Joan MacLeod’s “Amigo’s Blue Guitar” still strikes a chord at the Walterdale Theatre

by | Feb 14, 2024 | Entertainment

“What will you do with my story now?” asks Walterdale Theatre’s latest production about a Canadian family and the young refugee who comes to live with them. Written by Joan MacLeod and directed by Bob Klakowich, Amigo’s Blue Guitar—which earned MacLeod the Governor General’s Literary Award for Drama in 1991— takes place in a family’s home on an island along BC’s West Coast, and centers around Elias (Aldrick Dugarte), a Salvadoran refugee arriving and staying with the family after being sponsored by Sander (Graham Schmitz), the family’s aimless son. The show was originally written, set and performed in the early 90’s, while the civil war in El Salvador continued to rage. It explores an immigrant refugee’s experiences coming to Canada and having to deal with the bureaucracy of immigration agencies, the trauma of leaving a civil war-torn homeland and the ignorance of (mostly) well-meaning strangers.

Klakowich, with the aid of Cultural Consultant and Dramaturg Leo Campos Aldunez, has set his production of the five-person show in the same time and place; watching the show through a lens of thirty years makes similarities to current immigration issues far more poignant. The audience sees in Elias a sort of refugee everyman, while the family demonstrates different levels of privilege, inequality and ignorance Canadians can often be steeped in. Elias finds joy in new friendships and family members like Sander’s sister Callie (Crystal Poniewozik) or Martha (Sandy Roberts) but is continually frustrated by the hassle of Canadian immigration and refugee policies, or the constant and painful reflection stemming from probing inquiries about his life in El Salvador. 

The cast takes on the narrative unflinchingly. There are delicious subtle moments of irony like when the dad, Owen (Richard Wiens) describes to Elias his own starkly different experience as a ‘draft dodger’ fleeing the U.S.A. and entering Canada; or seeing characters struggle with Elias’ polite sadness, wondering, “shouldn’t he be happier?” Schmitz walks a tricky line as the informed and outspoken Sander, who rationalizes all of his problems as the result of someone else’s doing. Poniewozik, Wiens and Roberts each play their roles solidly, reflecting those folks who are well-meaning and sympathetic towards refugees, but often less helpful than they think. However, the show rests on the shoulders of Dugarte, who takes on the role of Elias with grace, tact, humour and emotional commitment that, in my opinion, is often rare in non-professional community theatre. The set, costumes, prop, sound and lighting design are all excellent, with mindfulness of the setting’s time and west coast imagery. At times, the action in the play seems a little stiff or empty as characters sit and stand around a table not really doing anything but saying their lines, but the content and performances Klakowich has cultivated are plenty to keep audiences engaged and entertained. The cast lands the show with sobering success to underscore the universal pain of those who have found themselves forced to turn to Canada as a host while their homes have been taken from them. A stark and emotional ending reflects the horrors of war and reinterprets the words that Kitty Wells sang: “They’ve hushed their singing in the villas.”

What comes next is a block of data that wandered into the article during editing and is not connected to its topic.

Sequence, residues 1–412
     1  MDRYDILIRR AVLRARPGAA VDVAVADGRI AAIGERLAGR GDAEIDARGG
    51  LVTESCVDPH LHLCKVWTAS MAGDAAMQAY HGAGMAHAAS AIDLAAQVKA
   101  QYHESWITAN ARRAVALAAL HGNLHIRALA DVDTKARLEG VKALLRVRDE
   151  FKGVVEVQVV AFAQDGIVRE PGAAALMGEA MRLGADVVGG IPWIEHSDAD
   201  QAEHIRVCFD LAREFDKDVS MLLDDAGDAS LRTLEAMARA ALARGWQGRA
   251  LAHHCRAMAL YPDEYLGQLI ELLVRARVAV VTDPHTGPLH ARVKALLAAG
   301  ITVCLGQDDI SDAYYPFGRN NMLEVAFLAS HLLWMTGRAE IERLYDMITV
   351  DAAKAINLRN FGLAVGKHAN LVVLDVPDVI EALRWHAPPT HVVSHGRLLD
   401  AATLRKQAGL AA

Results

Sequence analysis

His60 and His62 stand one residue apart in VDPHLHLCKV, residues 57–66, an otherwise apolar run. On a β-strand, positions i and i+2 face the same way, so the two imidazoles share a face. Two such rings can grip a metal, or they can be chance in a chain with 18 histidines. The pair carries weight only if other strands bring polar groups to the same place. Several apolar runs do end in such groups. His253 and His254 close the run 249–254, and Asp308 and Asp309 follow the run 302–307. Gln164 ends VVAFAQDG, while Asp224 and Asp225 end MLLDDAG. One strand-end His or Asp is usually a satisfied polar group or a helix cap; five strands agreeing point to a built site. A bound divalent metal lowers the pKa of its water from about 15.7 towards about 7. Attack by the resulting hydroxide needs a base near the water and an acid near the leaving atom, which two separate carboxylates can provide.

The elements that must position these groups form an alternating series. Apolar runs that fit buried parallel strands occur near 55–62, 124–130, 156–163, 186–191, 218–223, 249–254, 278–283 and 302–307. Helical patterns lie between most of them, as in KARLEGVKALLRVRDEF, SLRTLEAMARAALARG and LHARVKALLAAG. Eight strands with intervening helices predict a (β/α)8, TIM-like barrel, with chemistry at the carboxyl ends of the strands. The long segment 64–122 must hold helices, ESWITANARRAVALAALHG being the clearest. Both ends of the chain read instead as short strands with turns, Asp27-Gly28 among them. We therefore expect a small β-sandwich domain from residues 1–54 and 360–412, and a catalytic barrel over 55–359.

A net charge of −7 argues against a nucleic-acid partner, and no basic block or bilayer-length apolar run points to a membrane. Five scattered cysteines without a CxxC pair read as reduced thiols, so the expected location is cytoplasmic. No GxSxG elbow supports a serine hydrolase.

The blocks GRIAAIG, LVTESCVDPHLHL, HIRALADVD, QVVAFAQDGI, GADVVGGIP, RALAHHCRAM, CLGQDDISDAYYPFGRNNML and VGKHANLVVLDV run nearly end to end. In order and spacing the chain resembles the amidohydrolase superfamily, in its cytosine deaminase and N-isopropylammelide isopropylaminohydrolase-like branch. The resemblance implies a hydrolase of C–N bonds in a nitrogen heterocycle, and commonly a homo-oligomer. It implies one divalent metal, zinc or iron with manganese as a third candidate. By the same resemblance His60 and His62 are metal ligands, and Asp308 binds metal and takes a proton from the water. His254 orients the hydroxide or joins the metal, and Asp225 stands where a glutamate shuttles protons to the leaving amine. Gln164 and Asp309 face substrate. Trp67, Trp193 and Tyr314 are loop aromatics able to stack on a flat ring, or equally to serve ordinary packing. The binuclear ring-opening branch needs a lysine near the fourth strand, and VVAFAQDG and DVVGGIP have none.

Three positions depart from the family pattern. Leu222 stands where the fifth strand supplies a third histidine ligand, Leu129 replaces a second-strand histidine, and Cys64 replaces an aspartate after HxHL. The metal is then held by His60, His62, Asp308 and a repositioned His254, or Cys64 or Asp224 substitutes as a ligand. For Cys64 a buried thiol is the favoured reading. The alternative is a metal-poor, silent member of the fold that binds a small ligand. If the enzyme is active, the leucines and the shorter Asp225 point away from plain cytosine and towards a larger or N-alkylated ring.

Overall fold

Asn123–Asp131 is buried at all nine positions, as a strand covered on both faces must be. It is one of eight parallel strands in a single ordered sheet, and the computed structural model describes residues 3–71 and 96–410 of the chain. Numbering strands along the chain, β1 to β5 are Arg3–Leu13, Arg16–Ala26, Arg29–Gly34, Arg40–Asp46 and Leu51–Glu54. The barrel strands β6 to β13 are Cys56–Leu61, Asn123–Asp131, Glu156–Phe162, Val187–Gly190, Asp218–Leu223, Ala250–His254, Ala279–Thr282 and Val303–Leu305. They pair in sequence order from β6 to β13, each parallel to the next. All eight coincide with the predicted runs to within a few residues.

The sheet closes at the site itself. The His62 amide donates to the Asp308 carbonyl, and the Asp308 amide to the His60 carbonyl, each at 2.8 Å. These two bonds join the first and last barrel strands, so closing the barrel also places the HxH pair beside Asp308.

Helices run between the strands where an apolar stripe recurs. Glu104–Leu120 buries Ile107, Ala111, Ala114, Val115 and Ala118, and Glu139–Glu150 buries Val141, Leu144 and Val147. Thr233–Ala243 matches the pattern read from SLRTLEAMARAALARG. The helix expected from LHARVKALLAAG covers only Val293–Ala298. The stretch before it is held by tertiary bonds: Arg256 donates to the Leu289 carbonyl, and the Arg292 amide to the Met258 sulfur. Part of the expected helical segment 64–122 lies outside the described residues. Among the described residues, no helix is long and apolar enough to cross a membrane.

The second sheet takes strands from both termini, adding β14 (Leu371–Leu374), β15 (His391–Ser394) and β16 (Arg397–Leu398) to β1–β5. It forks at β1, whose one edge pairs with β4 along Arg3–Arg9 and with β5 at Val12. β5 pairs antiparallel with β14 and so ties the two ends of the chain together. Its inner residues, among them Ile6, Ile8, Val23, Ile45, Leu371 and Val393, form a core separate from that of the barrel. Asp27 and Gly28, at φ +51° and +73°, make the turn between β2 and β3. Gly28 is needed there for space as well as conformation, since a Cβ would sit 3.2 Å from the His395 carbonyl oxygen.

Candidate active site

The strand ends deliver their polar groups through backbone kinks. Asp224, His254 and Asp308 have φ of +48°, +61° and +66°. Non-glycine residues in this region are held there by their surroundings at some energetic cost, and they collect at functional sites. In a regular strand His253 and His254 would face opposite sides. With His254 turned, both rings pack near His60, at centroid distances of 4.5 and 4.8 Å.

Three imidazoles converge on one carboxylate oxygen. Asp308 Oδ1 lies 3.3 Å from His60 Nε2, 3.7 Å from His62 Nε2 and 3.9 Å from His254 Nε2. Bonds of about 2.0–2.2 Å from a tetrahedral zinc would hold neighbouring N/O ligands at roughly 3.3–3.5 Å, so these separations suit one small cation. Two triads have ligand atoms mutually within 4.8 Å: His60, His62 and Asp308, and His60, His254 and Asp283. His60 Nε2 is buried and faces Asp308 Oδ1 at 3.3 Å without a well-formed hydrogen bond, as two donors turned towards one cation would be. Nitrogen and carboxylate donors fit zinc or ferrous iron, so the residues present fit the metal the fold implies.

Amigo’s Blue Guitar at the Walterdale Theatre will run from February 7 to the 17, 2024, at 8pm (doors open at 7:30). Tickets are normally $23 or “Pay-What-You-Can” on Wednesday February 14. For more information on Amigo’s Blue Guitar and other productions at the Walterdale Theatre, visit

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